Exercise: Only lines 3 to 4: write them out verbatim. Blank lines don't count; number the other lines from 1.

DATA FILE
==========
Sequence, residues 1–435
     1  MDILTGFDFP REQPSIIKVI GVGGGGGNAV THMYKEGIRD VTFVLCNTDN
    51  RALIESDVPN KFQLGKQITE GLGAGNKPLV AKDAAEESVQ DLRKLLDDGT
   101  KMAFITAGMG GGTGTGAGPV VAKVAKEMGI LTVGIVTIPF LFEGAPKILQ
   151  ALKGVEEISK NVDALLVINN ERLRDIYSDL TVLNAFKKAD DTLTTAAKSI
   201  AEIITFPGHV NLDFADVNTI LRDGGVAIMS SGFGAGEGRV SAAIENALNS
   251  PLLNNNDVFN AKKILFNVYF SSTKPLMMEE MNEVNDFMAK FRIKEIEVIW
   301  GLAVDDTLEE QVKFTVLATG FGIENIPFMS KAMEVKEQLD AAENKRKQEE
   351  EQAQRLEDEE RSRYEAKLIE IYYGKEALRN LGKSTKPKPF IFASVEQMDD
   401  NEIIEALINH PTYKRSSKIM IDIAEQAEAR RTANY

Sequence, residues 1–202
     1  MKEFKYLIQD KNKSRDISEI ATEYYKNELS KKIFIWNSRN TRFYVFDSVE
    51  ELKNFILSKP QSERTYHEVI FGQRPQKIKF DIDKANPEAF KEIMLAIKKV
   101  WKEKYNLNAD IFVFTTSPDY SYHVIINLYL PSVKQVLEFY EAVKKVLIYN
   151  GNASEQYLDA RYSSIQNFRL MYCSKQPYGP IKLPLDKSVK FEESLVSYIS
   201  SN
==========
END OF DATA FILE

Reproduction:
    51  RALIESDVPN KFQLGKQITE GLGAGNKPLV AKDAAEESVQ DLRKLLDDGT
   101  KMAFITAGMG GGTGTGAGPV VAKVAKEMGI LTVGIVTIPF LFEGAPKILQ